Epoxy is one of the most water-resistant sealers you can use to safeguard wood from moisture and water-damage. Beyond that, it’s a fantastic glossy resin that enhance the look of tables and floors…plus it’s durable to boot.
Still, despite it’s durability, unsealed epoxy can quickly start to lose it’s glossy sheen over time — so this is where polyurethane comes in.
A thin coat of polyurethane can add just the right finishing touch to a solid epoxy surface.
But, what if you’re still waiting on epoxy to solidify, and it still feels tacky to the touch. Can it take on a few coats of polyurethane anyway?
Well, in this post, you’ll learn the difference between a dry epoxy and cured epoxy — and what it means for polyurethanes adhesion onto this wood sealer. You will also find out the main reason why epoxy still feels tacky — despite your best efforts to get it to dry.
And keep reading to discover the two key things you can do to fix tacky epoxy resin.
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Top 5 Woodworking Projects That SellTop 5 Woodworking Projects That SellCan You Honestly Apply Polyurethane Over An Epoxy Finish?
Well, as long as that epoxy resin has dried and cured, then a polyurethane coat will adhere to it. But the key word here is ‘cured’.
You see, dry epoxy resin can still feel tacky to the touch.
However, a wholly cured epoxy resin will have hardened all the way through, and won’t feel sticky. This then leaves behind an uncontaminated surface for polyurethane to stick onto.
What About Tacky Epoxy? Can You Get Polyurethane To Stick Onto It?
No, far from it. One of the basic things about applying polyurethane is that it needs a ‘clean’ surface to stick to.
What this means is that the surface shouldn’t be contaminated with solvents, oils, or other chemicals that can effect adhesion.
Now, the thing about tacky epoxy is that it hasn’t cured. The resin in it can still be wiped off by mere touch, and it’s likely still off-gassing too.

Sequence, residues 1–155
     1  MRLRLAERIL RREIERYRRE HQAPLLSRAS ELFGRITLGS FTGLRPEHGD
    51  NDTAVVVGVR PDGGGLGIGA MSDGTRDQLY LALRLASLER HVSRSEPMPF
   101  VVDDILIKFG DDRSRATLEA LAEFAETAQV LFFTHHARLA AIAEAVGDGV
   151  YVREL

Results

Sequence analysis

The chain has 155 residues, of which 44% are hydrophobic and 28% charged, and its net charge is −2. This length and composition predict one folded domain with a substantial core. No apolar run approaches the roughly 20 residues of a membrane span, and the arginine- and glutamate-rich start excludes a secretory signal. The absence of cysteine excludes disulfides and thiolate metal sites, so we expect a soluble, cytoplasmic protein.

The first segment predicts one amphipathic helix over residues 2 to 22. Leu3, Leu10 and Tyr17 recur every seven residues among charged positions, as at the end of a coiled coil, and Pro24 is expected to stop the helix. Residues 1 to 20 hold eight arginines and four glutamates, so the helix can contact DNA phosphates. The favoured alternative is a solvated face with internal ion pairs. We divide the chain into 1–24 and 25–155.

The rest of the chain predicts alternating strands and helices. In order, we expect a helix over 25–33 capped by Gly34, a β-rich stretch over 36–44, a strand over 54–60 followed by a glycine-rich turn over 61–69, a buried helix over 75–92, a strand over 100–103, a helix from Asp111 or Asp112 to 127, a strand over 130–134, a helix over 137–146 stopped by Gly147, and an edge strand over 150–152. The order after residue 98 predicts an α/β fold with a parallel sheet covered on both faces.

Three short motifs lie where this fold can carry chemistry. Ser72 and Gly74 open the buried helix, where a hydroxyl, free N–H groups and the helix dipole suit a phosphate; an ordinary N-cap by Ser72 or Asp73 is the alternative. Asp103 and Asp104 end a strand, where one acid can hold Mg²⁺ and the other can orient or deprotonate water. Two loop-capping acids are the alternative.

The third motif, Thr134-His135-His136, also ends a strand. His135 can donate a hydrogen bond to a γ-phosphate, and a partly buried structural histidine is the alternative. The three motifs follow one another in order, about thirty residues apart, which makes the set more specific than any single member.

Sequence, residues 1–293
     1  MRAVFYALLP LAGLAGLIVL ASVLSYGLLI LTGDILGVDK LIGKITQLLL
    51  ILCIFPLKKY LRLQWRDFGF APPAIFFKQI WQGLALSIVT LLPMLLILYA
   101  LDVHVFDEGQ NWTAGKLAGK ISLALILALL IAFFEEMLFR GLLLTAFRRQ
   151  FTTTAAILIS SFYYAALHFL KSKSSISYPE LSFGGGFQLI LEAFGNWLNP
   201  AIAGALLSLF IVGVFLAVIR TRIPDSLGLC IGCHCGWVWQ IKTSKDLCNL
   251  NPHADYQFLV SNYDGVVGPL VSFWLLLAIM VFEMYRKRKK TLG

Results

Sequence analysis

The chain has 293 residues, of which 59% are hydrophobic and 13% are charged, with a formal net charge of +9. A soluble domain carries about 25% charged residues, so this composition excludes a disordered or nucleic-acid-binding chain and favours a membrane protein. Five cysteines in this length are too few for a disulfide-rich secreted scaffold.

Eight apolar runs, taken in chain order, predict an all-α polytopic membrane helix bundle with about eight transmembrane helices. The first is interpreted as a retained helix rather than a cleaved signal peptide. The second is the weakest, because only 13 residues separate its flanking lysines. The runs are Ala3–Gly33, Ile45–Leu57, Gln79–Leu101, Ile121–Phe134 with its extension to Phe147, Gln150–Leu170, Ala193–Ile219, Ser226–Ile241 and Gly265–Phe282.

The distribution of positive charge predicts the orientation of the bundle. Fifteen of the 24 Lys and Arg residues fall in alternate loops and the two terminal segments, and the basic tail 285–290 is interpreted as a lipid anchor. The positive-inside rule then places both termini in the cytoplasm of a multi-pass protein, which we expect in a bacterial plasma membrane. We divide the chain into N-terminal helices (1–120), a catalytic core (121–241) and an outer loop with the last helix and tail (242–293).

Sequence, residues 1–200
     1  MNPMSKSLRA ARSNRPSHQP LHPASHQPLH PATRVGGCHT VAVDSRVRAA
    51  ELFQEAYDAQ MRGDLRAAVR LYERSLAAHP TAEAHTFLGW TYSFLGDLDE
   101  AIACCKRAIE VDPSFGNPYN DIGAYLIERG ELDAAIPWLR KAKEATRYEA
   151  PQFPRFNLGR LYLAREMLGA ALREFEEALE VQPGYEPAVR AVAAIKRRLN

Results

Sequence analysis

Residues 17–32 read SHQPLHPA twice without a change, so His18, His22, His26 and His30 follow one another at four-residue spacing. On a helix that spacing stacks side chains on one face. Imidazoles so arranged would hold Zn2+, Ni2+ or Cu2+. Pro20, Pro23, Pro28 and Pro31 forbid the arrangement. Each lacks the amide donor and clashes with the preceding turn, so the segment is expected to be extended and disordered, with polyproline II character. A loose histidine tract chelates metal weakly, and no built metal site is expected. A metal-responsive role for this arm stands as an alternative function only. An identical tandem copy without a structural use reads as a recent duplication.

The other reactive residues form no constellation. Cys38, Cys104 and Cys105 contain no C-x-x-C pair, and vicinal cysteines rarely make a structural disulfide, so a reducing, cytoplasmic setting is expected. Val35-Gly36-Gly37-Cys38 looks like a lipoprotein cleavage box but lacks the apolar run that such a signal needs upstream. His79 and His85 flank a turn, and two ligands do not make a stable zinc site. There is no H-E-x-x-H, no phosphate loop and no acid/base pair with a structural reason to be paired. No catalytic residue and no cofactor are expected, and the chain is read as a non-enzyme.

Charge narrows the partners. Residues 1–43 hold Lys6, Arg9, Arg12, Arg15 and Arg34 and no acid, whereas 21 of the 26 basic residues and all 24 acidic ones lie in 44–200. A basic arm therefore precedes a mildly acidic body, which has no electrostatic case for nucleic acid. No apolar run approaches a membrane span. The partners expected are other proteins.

All of which means that, if you apply polyurethane onto a tacky epoxy surface, the polyurethane will peel and flake off.
What Is Off-Gassing? Off-gassing refers to the fumes, (otherwise known as Volatile Organic Compounds), that release into the air off of finishes, sealants, paints, etc.
Wait A Second. I Thought Epoxy Dries And Sets Fairly Quickly…
Well, drying and curing are actually two different processes that a wood finish or sealer goes through.
Drying is a process of evaporation, turning a liquid into a solid film that is still soft to the touch. But, curing is a chemical reaction that transforms the epoxy into a hard durable substance.
Now, what this means is that it only takes around 12-24 hours for epoxy to dry and set. But, it takes much longer for it to cure all the way through.
Sometimes, it can take as much as 4 weeks to cure, depending on room temperature.
So Why Is My Epoxy Still So Sticky Even After Drying?
Usually an incorrect ratio of hardener to resin, is the key cause.
This is particularly the case if you happen to get the measurements of them wrong. Or they aren’t blended together well enough.
In either case, that imbalance will completely throw the curing time of epoxy right off.
Related Post: Can You Use A Router To Even Out Epoxy Resin Edges?
Got It. So Can You Fix Sticky Resin? What Can You Do With Epoxy That Won’t Dry?
OK, so at this point you pretty much have two options;
1). Turn Up The Dry Heat
Increasing the heat in the room by just 50° Fahrenheit (10° Centigrade) can halve the time it takes for epoxy to cure.
You’ll also want to create an environment of dry heat around the epoxy. So, use a dehumidifier to help manage the humidity levels in the room, and maintain RH (Relative Humidity) levels of between 45-55%.
But, sometimes raising the heat simply isn’t enough to solve the problem. In which case…
2). Scrape It Off
Grab a paint scraper and scrape off the top layer of the still tacky resin.
If the resin doesn’t scrape off easily, you’ll need to get some low-grit sandpaper (80-grit to 100-grit) and sand away what you can.
Afterwards, once you’ve removed the problematic resin as best you can, you can apply another top layer of epoxy over it.
Related Post: Will An Epoxy Top Coat Stop Wood From Splitting?
Does Epoxy Always Need Sanding Before Applying A Polyurethane Top Coat?
Absolutely. In fact, this is best practice for applying polyurethane onto any surface (including over another coat of polyurethane).
You see, polyurethane will peel off a surface that is very smooth. And epoxy can leave behind an almost glass-like surface.
So sanding epoxy will roughen up the epoxy enough so that polyurethane will adhere to it.
Now, you will still need to make sure the surface is free of contaminants (such as dust, dirt, and oils). So, after sanding, clean the newly roughened surface afterward with a lightly dampened (not wet) rag.
Does Epoxy Resin React With Polyurethane? It won’t, provided the epoxy resin has cured. Applying polyurethane onto a wholly cured epoxy surface is perfectly fine.
To Wrap Up, Here Are The 3 Key Takeaways From This Post…
- 1). A new coat of polyurethane will only stick and stay on uncontaminated surfaces.
- 2). As long as epoxy has dried and cured all the way through, a top coat of polyurethane will adhere to it.
- 3). If epoxy still feels tacky to the touch, that means that while it may have dried, it has not completely cured.
Network formation in curing of epoxy resins | Springer.com